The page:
All judges are occasionally "wrong" (i.e., disagreed with by a higher court) in their analyses of the law and/or of the factual record below, even the very best of them, and an admittedly cursory review of some of the opinions authored by Judge Sotomayor gives me no real cause for alarm. That I may agree with some of them and disagree with others does not set off any alarm bells; I can't off hand think of any judge with all of whose opinions I have agreed — or, for that matter, disagreed — even justices on the Supreme Court.

Another point to keep in mind is that as Justice Sotomayor, she will be in an excellent position to participate in the formulation of well reasoned analyses, for at least a couple of reasons. By the time that cases reach the Supreme Court, the arguments tend to be more focused than they are in lower courts. By then, the issues generally have been substantially narrowed and revolve about the question of whether the appellate court below screwed up by misapprehending the law or the facts of record, and accordingly whether it properly affirmed or reversed the trial court. These issues, more often than not, are reasonably well briefed by quite competent counsel accustomed to arguing cases in the rarefied atmosphere of the Supreme Court. Also, since selection as a law clerk to a Supreme Court justice is a bit of a plum, greatly sought by the best and the brightest, there is some comfort in thinking that Justice Sotomayor may have better assistance than she may have had even as a judge on the well regarded Second Circuit. And, of course, as one of nine Justices on the Supreme Court, the opportunities for collegial discussion of cases with brother (and, of course, sister) justices is likely to be a plus.

Supreme Court justices sometimes surprise both those who favored and those who opposed their appointments. Some have been viewed as too "liberal" and others as too "conservative," and as having all or some or none of the baggage associated with those labels.  Whether soon-to-be-Justice Sotomayor will turn out to be a surprise, and if so to whom, is anybody's guess.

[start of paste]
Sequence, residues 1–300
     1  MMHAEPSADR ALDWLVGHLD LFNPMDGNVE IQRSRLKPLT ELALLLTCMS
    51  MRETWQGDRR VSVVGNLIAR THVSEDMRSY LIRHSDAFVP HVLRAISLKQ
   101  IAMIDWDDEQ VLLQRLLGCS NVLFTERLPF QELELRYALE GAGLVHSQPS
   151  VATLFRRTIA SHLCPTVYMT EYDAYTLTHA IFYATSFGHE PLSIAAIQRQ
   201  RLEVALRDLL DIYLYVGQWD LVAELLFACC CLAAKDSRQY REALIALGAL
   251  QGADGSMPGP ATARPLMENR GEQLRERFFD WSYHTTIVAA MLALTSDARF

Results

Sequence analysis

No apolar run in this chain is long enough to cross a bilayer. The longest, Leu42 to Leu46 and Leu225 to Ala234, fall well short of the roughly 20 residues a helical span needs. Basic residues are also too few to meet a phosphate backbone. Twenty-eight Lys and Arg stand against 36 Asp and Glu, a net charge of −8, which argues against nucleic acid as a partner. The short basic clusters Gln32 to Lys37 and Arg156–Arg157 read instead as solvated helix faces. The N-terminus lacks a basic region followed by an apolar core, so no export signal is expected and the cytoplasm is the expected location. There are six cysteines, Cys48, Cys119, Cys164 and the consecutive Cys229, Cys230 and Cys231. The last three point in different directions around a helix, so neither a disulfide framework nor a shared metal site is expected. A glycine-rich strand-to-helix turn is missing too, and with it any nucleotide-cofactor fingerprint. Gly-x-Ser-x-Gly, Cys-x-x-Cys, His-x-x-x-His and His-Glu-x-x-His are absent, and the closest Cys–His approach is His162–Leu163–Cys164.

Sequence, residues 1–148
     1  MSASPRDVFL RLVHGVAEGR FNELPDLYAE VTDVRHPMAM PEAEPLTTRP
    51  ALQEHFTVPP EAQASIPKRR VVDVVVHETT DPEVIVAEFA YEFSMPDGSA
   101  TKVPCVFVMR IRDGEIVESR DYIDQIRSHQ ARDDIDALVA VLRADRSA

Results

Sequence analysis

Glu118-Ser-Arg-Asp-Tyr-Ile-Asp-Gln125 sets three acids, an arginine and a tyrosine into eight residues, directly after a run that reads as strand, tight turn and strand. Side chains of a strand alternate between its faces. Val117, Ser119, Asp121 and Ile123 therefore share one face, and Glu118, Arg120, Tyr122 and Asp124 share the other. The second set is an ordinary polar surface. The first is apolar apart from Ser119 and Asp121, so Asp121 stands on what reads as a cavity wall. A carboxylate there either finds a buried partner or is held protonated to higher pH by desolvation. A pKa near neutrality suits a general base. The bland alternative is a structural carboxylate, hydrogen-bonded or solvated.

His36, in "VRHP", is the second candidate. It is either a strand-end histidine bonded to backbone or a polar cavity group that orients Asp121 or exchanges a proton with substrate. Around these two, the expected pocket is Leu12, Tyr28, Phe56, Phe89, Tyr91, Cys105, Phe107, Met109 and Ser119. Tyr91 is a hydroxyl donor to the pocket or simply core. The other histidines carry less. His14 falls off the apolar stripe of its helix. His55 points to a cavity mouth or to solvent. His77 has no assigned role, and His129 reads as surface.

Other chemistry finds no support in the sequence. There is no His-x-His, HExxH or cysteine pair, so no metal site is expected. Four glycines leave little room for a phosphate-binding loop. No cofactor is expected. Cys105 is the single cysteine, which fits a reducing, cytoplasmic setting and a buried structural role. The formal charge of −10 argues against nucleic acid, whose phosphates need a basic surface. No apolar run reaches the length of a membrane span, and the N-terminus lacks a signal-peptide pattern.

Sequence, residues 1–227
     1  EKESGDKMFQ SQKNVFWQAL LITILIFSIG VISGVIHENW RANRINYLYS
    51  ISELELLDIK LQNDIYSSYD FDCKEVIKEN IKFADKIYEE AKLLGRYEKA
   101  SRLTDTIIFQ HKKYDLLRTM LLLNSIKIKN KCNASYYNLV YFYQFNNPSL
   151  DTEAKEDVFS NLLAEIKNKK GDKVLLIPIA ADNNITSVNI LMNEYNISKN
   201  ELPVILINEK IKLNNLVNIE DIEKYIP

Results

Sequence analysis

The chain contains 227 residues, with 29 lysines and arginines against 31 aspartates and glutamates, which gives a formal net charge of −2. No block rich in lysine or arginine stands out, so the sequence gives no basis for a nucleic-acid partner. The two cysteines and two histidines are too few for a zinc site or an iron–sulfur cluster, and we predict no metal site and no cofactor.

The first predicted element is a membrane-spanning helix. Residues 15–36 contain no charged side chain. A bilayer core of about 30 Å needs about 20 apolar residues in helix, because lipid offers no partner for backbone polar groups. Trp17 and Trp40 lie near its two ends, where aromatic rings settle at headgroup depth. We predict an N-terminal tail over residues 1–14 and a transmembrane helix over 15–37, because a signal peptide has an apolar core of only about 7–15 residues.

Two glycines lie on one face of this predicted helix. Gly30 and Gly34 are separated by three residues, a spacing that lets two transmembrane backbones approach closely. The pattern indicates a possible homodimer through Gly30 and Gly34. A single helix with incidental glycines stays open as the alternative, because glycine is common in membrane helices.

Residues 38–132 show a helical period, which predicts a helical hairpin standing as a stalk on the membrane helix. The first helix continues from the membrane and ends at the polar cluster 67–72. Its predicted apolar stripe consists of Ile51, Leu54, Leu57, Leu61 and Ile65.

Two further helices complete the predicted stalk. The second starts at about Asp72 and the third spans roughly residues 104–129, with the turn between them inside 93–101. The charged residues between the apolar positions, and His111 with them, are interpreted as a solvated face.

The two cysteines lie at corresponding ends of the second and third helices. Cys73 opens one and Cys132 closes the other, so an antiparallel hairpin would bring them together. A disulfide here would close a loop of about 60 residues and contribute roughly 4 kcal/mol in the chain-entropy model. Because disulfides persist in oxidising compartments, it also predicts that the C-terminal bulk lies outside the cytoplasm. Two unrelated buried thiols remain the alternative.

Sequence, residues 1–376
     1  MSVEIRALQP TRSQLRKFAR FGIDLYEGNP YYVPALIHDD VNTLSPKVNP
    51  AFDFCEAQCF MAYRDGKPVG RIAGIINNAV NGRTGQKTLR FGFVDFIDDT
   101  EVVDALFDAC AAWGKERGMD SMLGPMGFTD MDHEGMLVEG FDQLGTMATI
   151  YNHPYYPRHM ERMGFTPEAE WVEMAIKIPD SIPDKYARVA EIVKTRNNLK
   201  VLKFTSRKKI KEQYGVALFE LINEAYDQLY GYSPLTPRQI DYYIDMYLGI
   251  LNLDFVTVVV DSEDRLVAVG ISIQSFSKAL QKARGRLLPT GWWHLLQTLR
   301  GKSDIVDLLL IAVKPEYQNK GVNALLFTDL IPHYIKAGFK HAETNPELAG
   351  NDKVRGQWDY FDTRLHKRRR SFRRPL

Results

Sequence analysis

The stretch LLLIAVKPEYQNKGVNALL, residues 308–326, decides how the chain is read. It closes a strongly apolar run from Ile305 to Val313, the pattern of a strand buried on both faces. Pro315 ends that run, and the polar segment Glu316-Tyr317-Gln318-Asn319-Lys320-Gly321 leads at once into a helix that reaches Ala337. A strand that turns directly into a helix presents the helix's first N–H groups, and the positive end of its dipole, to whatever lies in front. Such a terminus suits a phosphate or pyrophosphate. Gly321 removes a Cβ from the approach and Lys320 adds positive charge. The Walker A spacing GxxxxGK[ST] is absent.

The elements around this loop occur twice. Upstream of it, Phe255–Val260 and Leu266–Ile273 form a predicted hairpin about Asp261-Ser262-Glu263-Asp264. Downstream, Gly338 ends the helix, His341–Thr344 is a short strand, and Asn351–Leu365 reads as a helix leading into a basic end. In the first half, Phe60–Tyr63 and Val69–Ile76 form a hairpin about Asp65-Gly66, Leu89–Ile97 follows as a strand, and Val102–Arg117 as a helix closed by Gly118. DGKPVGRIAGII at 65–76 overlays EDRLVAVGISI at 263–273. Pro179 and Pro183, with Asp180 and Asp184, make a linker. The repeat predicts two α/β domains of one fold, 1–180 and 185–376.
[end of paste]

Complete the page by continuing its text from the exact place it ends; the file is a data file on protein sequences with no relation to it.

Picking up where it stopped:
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About Dan Miller

  • Bliffle

    The hearings have begun, so the Sotomayor discussion should resume.

    I don’t know whether she’s going to be good or not (she will surely be confirmed), but it looks like she’s no worse than any of the others.

    As for the two common criticisms of her, here are my takes:

    1-the concern over her “…a latina could give a better judgement…”, I think she was just bragging about herself, not expressing a race prejudice.

    2-the statement “…the appelate court is where policy is made…” is simply true. “Policy” IS made in courts. She said, at the time, that she realized this statement was contrary to the usual judicial bragging about “stare decisis”, but when you think about it, all references to precedent are just like references to legislation. And if you’ve ever been in court you realize that judges DO make policy decisions. What they try to do is keep it consistent with other elements of precedent and statute.

    I’m guessing that she’ll be a liberal activist supreme (that’s why Obama picked her), just as Roberts is a conservative activist supreme (that’s why Bush picked him).

  • Thanks for the clarification, Dan. Living in Orange County, CA, and surround by so many that claim the cardinal and gold of the Trojans (during football season)likely has me a little sensitive. That, and a lack of sleep.

    Although considering all the dirt coming out from the investigation into numerous NCAA violations, there are quite a few similarities between the members of University of Southern Cal and the Congresscritters, which may have added to the confusion as well.

    The duel at dawn will have to wait, so feel free to sleep in.

  • El Bicho, I am concerned that you may not properly understand the meaning of USC, an acronym occasionally used to refer to Unctuous Simian Congresscritters. This is an unfortunate usage for two reasons. First, it is excessively flattering and second, few Congresscritters have discovered how to be truly ape like and extraordinarily suave and ingratiating at the same time. Many of them have, nonetheless, contributed greatly to the expansion of the United States Code, also known as the USC or U.S.C.